Strépy-Thieu Boat-Lift

When the amphibians had dispersed we cast off and followed two laden barges into the caisson
where we tied up alongside and watched the descent.  We had been lucky enough to have had a tour around
the works of the this lift during the time it was being constructed but not yet operational, while at a
World Canal Conference in 1999, so this was a particularly interesting trip for us.

Something not to be missed, and yet there is something of an anticlimax when one travels through it.
There was absolutely no feeling of motion whatsoever, and it was only by watching the surrounding countryside
carefully and the gate disappearing above our heads as we went down that we were aware of descending.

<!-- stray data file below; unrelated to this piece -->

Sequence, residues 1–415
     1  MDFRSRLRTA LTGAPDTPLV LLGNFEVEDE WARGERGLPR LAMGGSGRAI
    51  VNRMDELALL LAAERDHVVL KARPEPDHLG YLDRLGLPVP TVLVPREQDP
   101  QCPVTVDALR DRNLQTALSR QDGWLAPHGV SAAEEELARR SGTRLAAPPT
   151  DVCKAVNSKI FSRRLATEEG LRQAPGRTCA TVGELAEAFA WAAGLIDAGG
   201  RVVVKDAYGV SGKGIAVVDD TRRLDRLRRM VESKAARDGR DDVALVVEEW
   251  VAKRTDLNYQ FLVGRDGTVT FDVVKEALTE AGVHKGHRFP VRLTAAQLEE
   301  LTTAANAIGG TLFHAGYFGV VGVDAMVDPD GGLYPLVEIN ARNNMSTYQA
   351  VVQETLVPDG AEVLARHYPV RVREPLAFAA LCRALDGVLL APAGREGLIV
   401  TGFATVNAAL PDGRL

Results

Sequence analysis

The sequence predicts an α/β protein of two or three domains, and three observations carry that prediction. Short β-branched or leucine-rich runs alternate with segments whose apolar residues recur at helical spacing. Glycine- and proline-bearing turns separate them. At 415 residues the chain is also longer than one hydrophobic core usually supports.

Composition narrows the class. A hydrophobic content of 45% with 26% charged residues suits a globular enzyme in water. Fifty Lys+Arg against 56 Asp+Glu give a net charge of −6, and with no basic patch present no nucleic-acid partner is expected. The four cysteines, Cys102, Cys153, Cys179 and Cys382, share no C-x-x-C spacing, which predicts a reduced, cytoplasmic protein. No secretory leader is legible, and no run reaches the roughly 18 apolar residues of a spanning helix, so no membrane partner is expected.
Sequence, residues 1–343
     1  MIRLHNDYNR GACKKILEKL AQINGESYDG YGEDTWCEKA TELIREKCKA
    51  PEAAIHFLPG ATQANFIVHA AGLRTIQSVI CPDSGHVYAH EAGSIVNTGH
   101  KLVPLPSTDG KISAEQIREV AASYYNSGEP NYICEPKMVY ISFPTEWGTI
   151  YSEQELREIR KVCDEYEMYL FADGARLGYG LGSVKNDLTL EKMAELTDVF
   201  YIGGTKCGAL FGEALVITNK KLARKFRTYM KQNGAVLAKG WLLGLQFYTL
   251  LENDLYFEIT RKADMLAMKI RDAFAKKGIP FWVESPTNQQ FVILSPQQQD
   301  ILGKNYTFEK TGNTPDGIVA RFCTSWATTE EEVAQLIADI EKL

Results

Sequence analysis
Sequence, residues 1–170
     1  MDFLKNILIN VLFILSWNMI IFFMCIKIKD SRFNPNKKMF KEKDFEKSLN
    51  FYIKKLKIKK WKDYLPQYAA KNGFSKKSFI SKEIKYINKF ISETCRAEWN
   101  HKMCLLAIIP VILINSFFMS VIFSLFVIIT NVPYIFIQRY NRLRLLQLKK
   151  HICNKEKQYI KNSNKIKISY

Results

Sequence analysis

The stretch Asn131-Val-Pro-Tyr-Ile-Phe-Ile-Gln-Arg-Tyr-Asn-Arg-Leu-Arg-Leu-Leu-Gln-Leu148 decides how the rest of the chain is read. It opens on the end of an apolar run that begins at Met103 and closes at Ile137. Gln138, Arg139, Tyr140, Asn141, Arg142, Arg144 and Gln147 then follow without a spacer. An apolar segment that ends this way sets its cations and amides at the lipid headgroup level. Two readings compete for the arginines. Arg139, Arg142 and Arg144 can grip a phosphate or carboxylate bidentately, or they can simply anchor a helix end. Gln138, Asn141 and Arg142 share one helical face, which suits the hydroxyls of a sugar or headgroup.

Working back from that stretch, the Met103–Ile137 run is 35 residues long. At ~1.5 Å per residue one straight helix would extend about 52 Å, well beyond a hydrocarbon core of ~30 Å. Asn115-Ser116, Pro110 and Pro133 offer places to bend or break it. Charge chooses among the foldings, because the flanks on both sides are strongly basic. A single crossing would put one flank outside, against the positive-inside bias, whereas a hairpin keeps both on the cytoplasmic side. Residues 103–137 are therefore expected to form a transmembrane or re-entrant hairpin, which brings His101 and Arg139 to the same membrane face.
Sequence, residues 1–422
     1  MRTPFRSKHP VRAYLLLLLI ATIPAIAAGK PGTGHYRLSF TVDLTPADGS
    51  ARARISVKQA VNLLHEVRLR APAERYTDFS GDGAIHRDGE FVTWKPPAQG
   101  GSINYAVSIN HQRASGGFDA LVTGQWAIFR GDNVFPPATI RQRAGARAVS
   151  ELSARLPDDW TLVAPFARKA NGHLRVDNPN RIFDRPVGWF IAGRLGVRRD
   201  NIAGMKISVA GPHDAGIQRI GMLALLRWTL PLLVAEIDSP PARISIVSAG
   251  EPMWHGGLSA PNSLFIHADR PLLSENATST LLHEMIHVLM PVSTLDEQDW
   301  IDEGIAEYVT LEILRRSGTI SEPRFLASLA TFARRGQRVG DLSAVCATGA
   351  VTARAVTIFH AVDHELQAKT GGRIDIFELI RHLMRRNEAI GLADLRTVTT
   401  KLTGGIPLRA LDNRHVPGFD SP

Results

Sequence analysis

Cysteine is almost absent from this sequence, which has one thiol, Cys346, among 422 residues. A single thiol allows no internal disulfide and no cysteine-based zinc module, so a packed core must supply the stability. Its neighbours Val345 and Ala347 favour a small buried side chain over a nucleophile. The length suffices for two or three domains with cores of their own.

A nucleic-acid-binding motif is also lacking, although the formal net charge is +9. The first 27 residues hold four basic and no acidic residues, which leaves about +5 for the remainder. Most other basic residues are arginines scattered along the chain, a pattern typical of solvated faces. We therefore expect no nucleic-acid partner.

There is also a loudspeaker both on shore and in the lift that gives information about the movement of the tank.
We reached the lower level within seven minutes. Altogether another strange but fascinating experience.

The following facts may be of interest to the curious:
the actual structure has a height of 117m, a length of 130m and a width of 75m.  There are two tanks of
112m x 12m each, and a depth of water which varies between 3.35m and 4.15m.The twin tanks are operated
independently and by electro-mechanical means. The tanks which boats enter are suspended by cables and
are balanced by massive counterweights made of concrete. The cables and counterweights can be seen moving
as the tanks ascend and descend. Truly awesome feats of engineering!